"He got away with murder," Clark says in the current issue of PEOPLE. "I hated the way the media attention on the trial impacted the case – the way it impacted the witnesses. Everyone forgot Ron and Nicole and it became this enormous circus. That was harmful to [our case.]"
And now the lawyer has hopes that the Los Angeles Police Department has uncovered a crucial piece of evidence that could have helped her get a different verdict at the 1995 trial: the murder weapon.
The LAPD confirmed that investigators are in possession of knife found buried on Simpson's property some time after he was acquitted of murdering his wife and her friend.
The LAPD has admitted the knife could have been planted as a hoax – a theory Clark says is a possibility as well – but she is hoping it is the real thing.
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"I really don't know what to think of it. I can't believe someone gave a police officer what appears to be, could be, important evidence in a case – even if it is closed – and takes it home. I don't know what to say about that except I can't believe it, but it's apparently what happened," Clark told Entertainment Tonight on Friday.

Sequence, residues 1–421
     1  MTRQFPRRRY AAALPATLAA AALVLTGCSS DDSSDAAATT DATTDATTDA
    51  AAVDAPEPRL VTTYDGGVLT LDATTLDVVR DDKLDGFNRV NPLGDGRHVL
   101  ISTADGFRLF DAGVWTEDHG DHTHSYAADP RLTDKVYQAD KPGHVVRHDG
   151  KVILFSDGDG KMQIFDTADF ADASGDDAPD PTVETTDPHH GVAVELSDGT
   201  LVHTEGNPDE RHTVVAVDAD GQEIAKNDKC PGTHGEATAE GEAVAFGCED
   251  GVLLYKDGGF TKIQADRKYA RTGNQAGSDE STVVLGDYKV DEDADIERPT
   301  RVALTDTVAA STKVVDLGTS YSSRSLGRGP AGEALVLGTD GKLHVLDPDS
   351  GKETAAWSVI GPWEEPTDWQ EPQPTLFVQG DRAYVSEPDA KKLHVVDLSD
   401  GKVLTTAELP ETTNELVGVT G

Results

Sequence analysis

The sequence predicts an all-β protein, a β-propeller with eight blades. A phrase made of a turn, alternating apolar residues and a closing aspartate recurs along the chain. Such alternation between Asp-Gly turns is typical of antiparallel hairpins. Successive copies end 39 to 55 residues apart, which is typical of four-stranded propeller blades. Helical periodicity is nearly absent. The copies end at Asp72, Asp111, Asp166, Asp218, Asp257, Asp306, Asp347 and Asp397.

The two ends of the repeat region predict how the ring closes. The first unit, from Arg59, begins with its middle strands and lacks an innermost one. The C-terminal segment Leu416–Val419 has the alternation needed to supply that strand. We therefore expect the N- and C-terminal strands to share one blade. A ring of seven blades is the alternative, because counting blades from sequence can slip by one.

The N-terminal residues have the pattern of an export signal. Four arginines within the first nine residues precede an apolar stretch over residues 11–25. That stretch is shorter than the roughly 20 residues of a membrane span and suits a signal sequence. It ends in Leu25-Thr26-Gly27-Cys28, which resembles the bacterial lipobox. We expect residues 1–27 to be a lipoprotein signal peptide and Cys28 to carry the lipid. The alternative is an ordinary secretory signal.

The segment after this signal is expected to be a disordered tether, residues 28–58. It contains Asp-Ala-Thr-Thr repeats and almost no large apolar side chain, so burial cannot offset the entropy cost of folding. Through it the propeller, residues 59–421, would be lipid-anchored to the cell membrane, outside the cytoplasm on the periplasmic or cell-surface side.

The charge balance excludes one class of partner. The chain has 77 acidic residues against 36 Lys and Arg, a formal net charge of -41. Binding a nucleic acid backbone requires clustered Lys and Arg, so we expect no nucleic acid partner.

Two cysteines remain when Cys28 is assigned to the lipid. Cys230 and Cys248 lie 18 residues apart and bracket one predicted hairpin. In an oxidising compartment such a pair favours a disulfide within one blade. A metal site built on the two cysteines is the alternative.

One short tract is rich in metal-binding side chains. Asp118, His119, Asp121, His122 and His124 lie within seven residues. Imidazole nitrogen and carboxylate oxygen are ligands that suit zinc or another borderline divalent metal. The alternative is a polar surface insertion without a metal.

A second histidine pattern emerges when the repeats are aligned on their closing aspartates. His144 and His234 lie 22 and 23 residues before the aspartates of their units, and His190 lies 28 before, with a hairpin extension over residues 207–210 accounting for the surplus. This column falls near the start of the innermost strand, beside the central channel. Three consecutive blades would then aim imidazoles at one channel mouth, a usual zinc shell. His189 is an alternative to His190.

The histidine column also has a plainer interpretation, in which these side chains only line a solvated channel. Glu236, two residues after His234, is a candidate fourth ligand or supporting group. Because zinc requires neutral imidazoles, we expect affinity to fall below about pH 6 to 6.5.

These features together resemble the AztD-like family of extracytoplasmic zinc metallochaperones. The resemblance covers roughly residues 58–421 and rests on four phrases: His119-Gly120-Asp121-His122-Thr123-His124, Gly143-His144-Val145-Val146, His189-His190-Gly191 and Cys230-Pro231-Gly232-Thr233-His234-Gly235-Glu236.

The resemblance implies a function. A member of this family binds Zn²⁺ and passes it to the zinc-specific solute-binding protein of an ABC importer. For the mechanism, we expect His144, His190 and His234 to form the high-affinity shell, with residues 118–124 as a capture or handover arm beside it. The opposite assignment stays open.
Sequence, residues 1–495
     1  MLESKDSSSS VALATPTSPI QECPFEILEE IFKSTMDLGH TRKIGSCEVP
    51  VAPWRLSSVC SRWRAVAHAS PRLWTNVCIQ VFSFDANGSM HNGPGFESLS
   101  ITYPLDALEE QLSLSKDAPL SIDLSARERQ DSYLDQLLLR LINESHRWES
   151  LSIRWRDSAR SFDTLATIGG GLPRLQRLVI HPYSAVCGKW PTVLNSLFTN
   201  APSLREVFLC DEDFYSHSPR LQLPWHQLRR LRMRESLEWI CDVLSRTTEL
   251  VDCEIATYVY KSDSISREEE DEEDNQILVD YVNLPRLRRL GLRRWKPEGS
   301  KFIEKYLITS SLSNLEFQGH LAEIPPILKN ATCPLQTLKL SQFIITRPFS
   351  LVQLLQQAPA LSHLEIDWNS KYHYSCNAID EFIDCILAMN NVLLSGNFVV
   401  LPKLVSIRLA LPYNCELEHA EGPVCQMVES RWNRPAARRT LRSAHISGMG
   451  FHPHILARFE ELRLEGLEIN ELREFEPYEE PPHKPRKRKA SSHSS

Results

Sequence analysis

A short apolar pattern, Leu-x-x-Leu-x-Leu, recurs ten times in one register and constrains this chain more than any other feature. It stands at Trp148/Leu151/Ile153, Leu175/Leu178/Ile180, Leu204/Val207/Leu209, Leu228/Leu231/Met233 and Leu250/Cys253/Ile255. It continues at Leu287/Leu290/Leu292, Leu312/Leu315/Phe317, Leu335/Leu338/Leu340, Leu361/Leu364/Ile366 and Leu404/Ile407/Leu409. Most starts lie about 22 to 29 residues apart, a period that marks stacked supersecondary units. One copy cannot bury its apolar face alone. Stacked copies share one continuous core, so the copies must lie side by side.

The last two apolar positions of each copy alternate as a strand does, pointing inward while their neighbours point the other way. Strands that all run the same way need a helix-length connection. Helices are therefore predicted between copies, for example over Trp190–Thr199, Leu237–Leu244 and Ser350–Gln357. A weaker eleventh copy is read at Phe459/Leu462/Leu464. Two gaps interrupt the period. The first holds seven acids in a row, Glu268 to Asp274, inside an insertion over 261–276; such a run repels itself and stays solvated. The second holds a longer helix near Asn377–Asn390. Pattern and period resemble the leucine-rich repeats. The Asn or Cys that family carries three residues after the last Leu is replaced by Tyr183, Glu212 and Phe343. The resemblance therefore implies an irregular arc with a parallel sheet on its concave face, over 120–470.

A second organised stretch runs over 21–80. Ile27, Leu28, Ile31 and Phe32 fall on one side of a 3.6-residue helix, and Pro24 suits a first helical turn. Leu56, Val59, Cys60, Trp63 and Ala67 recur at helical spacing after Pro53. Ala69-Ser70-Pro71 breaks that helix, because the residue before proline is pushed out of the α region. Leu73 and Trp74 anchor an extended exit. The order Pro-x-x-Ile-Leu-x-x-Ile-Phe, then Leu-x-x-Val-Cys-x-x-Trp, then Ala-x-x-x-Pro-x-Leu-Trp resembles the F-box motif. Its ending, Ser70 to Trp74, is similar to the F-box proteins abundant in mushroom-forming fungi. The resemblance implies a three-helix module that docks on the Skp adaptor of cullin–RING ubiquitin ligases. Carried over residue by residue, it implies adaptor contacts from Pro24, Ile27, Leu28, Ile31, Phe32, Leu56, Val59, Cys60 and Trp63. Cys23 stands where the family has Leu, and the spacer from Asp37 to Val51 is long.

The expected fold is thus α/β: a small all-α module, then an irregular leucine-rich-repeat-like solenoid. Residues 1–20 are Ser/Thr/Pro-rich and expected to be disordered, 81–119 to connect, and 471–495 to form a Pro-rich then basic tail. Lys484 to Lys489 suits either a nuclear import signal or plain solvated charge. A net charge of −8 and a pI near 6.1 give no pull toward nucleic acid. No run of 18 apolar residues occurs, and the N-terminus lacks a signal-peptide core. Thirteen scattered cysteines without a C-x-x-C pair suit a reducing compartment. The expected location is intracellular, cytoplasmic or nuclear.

"I don't know whether to say it is truly evidence, none of us knows that yet – it might be a hoax, it might be somebody who planted it and then just pretended to find it and gave it to the off-duty police officer, you don't know," she continued. "But, of course, I'm glad the LAPD is taking it seriously and subjecting it to testing so we can find out."
But even if DNA evidence can link the knife to Simpson and the murders, Clark admitted that there is little chance of prosecution.
"The likelihood of any prosecution stemming from this evidence is very, very slim. But we have to find out what this means – what the truth of this is," she said. "I just hope the truth comes out about this situation, as I always do about all situations – whatever this is, let's find out."